Plot: Bobby Shafran arrived on campus to begin his college experience, only to find himself approached by numerous other students and welcomed like an old friend, even though he knew none of the people involved. He was confused, but uncovered the truth when his roommate seemed to think he was someone else, a young man named Eddy Galland. Eddy has attended the same school the previous year, but didn’t return and as Bobby looked exactly like him, he was mistaken for Eddy. When Bobby and Eddy meet, it becomes clear the two are long lost twins, as both were born on the same day and were adopted. This sparks a national news story that captivates millions, but the story then became even more unusual, as a third brother, David Kellman saw the newspapers and realized he was part of triplets. Three Identical Strangers chronicles the unlikely tale of these long lost brothers and their reunion, as well as the events that followed and how they were separated to start with.
Entertainment Value: The old chestnut about truth being stranger than fiction is often proven correct in the realm of documentaries and it is certainly case here, as Three Identical Strangers is the kind of story you’d never believe, except that it happens to be the truth. The movie opens with the background on how Bobby and Eddy found each other, a story that alone was enough to capture national attention, let alone when the third brother David came out of the woodwork. The reunion of the triplets is beyond fascinating and the brothers toured television shows, as well as being the subjects of countless articles and news reports. At a certain point, as you are shown what the brothers do once they’ve found each other, you’re likely to wonder what else the movie could do. As strange and unbelievable as the reunion story is, that is just one part of the mysteries of Three Identical Strangers.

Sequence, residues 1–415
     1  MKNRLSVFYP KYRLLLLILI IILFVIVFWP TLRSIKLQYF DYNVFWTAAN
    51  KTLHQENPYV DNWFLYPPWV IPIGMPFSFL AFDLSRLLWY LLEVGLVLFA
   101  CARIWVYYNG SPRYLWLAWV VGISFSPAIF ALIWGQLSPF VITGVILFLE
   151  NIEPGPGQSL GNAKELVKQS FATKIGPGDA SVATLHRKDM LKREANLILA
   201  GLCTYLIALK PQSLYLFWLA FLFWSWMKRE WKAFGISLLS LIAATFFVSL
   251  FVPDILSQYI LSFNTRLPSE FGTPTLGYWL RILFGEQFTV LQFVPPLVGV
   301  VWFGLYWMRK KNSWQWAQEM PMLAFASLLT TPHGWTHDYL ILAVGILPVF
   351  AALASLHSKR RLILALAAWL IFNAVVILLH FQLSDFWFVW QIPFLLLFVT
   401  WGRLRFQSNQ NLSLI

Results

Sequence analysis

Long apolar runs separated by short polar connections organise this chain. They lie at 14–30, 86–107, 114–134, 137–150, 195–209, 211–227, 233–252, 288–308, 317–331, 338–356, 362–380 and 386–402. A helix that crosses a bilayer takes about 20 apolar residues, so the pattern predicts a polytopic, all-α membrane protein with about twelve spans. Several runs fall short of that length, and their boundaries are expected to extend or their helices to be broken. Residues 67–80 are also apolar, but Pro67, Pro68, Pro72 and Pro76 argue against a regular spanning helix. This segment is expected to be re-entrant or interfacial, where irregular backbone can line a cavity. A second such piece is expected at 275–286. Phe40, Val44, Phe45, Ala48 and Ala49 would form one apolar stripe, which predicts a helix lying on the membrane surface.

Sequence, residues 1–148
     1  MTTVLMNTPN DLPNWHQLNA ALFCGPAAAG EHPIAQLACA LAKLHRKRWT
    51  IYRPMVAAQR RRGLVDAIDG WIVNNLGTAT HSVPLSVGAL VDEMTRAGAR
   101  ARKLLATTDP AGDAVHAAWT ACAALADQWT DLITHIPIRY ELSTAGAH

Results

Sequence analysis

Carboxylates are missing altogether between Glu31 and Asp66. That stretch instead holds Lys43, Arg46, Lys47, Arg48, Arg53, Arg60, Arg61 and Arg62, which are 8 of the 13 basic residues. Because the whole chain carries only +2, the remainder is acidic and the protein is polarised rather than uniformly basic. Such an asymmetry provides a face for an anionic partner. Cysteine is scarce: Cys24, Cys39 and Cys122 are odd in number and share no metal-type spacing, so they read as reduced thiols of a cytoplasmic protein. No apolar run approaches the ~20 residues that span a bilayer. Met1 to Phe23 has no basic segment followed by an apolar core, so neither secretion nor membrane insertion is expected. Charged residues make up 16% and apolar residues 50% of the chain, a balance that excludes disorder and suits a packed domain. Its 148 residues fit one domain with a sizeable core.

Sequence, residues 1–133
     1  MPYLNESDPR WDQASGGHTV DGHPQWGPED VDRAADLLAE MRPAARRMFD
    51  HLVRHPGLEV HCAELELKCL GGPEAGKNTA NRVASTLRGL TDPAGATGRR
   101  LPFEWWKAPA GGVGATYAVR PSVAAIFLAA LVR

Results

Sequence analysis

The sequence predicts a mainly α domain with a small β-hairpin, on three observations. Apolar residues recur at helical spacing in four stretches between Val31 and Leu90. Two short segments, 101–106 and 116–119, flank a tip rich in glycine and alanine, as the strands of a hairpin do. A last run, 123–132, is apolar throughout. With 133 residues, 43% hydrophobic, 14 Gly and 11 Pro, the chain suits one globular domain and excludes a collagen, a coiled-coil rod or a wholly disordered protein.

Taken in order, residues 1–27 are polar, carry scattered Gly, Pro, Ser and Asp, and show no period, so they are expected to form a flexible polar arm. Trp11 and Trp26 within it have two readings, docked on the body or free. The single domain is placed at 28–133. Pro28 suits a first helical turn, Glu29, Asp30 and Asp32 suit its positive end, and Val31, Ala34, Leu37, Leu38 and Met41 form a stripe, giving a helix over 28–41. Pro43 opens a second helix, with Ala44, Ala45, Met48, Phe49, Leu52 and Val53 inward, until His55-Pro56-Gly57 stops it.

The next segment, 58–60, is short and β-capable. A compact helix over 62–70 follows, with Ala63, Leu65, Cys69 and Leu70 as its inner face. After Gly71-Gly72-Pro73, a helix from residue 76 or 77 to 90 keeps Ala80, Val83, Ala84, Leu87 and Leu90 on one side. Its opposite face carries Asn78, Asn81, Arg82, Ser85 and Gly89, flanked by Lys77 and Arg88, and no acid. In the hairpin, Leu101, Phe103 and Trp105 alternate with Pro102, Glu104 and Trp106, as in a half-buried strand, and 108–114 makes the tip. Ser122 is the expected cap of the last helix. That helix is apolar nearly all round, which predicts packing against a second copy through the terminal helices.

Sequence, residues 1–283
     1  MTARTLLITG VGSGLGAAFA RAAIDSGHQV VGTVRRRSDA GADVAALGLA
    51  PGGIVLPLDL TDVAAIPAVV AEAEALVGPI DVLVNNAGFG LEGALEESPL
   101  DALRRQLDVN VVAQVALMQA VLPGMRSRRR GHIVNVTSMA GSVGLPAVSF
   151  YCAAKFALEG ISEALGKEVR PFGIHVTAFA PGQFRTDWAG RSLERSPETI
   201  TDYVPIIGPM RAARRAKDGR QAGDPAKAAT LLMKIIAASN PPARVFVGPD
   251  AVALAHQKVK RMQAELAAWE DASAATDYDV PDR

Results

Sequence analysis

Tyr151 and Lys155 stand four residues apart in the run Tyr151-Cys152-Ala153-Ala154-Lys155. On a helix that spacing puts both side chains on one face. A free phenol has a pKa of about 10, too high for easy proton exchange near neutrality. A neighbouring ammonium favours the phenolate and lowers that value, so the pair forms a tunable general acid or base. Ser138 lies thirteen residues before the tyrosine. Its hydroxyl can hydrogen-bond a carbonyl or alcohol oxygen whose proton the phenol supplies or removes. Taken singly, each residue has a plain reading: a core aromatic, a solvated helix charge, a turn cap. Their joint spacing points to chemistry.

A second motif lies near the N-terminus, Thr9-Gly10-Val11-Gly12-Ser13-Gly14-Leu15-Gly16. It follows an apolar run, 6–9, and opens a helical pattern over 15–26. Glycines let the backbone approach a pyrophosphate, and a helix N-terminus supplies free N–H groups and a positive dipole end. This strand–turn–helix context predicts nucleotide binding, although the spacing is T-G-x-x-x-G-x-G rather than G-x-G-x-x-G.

The movie bends some of the rules of the traditional documentary style, going for a more narrative approach that picks and chooses when to reveal important details, which is bound to spark various reactions. Some will dislike the narrative manipulation, while others will appreciate the movie’s flair for suspense and exposition, but I can see both sides, to an extent. I was hooked in right from the start and reeled in throughout, so while some narrative tricks were used here, it still looks and feels like a documentary, just one with a lot of modern touches. I do wish more depth was provided on the brothers, especially in their lives after the reunion, as the movie could stand a longer duration and still hold up. But the film tends to gloss over some aspects and take a bigger picture approach, which sacrifices the deeper dive. Even so, this is a wild and fun piece that is well recommended to fans of documentaries, but even those who don’t normally embrace the genre will likely be won over as well.